“Changes in health policy, aggravated by protocols that take a long time and the disarticulation of the distribution of vaccines, have made it difficult for products to reach the market,” says the vice president of the studies division of the Council on Foreign Relations, Shannon K. O’Neil, in Foreign Affairs magazine.

Although there are factors directly related to Covid-19, O’Neil highlights that others “are the result of millions of workers having made other decisions in their lives, for example, leaving the nomadic uncertainty of transport for a more stable daily job. and better paid.

The Federal Reserve is already aiming to accelerate the pace of interest rate hikes to control the considerable increase in inflation, which in the US rose in January at a rate not seen since 1982, marking an annual variation of 7.5%.

For the consulting firm IHS Markit, the world market has seen the last week “caught between the crosswinds of geopolitical risks and inflation concerns, the latter accompanied by increasingly tightening central bank expectations.”

The Food Price Index of the United Nations Food Organization (FAO) last year it marked 125.8, an annual figure not seen since 2011. Now, the monthly indicator was 128 points in August and from there it has increased to 135.7 in January 2022, which represents an increase of 19.5% in 12 months.

“The rise in the index in January was due to considerable increases in the sub-indices for vegetable oils and dairy products,” the agency notes. These divisions saw annual increases of 33.9% and 18.7%, respectively.

In the division of cereals, he cites “the uncertainty due to the increase in political tensions in the Black Sea region”, alluding to the conflict between Russia and the West in Ukraine, as one of the factors that has prevented a further decline in the prices of wheat.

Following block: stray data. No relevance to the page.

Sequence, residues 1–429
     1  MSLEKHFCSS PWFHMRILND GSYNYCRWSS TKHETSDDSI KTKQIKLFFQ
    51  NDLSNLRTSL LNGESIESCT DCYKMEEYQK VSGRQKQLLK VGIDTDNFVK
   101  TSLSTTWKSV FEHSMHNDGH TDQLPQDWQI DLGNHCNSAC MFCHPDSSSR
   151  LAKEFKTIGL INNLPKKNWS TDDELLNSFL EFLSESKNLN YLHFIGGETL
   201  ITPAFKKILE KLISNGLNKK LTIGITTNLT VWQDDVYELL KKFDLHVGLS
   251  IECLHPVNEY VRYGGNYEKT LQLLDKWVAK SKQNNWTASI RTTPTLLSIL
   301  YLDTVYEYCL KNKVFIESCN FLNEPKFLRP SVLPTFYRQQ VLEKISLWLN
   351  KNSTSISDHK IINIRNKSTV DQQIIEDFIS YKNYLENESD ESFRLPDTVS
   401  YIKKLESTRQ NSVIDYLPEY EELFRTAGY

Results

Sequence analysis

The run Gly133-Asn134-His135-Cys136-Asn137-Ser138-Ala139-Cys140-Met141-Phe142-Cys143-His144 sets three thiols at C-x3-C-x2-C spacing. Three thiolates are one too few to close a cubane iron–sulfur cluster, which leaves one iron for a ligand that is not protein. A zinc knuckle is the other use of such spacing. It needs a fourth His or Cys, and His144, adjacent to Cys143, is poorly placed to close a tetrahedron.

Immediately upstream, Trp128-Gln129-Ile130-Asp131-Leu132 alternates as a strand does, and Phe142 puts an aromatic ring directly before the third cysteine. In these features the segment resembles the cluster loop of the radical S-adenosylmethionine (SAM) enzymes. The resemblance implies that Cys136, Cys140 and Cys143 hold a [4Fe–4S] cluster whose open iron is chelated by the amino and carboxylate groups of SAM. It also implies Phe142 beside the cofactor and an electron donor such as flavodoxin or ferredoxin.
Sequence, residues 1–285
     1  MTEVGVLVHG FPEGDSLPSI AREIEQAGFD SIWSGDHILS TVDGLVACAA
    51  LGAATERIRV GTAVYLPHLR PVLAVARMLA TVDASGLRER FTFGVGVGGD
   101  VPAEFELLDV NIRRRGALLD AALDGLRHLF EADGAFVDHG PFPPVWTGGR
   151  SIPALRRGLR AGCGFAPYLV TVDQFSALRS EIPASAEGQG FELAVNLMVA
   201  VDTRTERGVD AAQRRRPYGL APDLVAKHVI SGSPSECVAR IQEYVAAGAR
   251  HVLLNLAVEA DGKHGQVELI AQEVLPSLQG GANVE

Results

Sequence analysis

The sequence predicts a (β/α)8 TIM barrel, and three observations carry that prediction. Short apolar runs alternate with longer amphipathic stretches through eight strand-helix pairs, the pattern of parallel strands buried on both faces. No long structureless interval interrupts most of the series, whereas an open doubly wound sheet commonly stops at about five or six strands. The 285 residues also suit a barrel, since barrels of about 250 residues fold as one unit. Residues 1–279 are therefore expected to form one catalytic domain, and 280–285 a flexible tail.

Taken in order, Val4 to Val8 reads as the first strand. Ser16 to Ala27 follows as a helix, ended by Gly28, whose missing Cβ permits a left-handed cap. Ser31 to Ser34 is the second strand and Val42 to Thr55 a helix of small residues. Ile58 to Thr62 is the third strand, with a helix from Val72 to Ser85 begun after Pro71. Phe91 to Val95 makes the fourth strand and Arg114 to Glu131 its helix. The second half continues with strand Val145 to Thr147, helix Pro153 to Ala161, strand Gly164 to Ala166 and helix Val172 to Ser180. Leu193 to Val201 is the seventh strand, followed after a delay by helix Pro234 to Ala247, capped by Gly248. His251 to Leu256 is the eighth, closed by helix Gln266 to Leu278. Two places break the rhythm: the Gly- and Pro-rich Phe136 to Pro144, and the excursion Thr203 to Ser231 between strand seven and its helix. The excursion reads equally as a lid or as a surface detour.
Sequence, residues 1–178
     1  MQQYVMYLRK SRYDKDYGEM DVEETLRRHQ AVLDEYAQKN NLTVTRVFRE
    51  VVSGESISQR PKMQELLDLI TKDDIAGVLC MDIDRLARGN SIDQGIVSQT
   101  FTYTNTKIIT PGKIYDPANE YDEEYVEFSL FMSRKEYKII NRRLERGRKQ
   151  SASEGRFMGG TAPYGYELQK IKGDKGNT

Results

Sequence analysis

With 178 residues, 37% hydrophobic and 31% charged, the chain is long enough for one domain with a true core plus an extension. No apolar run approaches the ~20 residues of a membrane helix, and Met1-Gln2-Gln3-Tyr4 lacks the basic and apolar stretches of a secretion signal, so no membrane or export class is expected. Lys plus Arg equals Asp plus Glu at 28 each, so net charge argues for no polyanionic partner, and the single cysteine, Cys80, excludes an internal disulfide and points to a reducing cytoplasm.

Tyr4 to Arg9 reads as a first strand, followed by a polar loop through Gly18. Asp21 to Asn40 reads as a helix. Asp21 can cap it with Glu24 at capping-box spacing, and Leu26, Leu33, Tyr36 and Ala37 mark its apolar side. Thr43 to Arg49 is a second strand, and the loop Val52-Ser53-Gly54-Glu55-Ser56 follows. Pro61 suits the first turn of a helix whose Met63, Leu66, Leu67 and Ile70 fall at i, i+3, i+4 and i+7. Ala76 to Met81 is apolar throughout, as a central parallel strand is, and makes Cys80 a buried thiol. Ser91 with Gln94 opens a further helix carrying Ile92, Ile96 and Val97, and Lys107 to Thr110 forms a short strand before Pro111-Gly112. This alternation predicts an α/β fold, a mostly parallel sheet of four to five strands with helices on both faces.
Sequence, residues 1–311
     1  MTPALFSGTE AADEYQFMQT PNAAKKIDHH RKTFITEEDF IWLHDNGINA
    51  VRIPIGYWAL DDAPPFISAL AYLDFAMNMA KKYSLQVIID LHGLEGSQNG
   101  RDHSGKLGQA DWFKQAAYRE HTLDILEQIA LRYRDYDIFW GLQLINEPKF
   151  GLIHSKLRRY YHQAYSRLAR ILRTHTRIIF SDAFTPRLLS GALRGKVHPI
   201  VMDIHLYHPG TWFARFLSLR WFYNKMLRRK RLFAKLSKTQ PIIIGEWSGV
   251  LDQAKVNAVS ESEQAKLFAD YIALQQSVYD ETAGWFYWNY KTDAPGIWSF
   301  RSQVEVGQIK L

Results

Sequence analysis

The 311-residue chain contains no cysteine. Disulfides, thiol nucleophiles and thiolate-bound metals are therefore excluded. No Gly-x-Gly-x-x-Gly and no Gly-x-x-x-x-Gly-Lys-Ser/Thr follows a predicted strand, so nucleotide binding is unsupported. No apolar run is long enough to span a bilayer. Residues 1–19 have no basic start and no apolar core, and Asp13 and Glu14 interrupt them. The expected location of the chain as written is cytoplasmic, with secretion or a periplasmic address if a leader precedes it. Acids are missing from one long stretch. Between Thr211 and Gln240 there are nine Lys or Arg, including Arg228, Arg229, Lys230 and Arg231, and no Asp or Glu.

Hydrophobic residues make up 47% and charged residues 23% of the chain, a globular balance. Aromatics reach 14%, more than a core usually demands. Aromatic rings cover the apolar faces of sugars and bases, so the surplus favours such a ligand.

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Chile and the region

In Latin America, an IHS Markit report sees rising shipping costs and delays as the main disruption, noting that the US and China, countries “highly affected by port bottlenecks,” are its main shipping markets. export.

“It is likely that export delays continue through 2022as some Chinese ports continue to be closed due to Covid-19 and trucks and warehouses suffer from a shortage of personnel in the US,” the document highlights.

The rating agency Moody’s warns for its part that “higher food and energy prices, as well as currency devaluations have affected most of the large economies in the region, including Brazil, Chile, Colombia, Mexico and Peru”. Thus, predicts successive monetary adjustments and inability to meet the inflationary goals of issuers.

In Chile, the CPI for January was well above market expectations and led inflation to 7.7% in 12 months, the highest since the end of 2008. Financial operators expect that at the end of March, the board of the The Central Bank raises the interest rate by 150 basis points, setting it at 7%.

According to Reuters, G20 finance ministers and central bank governors discussed global inflation issues at their current round of talks in Jakarta, Indonesia, which ended on Friday. They would have pledged to use “all available political tools to deal with the impacts of the pandemic”, but warned that future political space will likely be “narrower and more unequal”.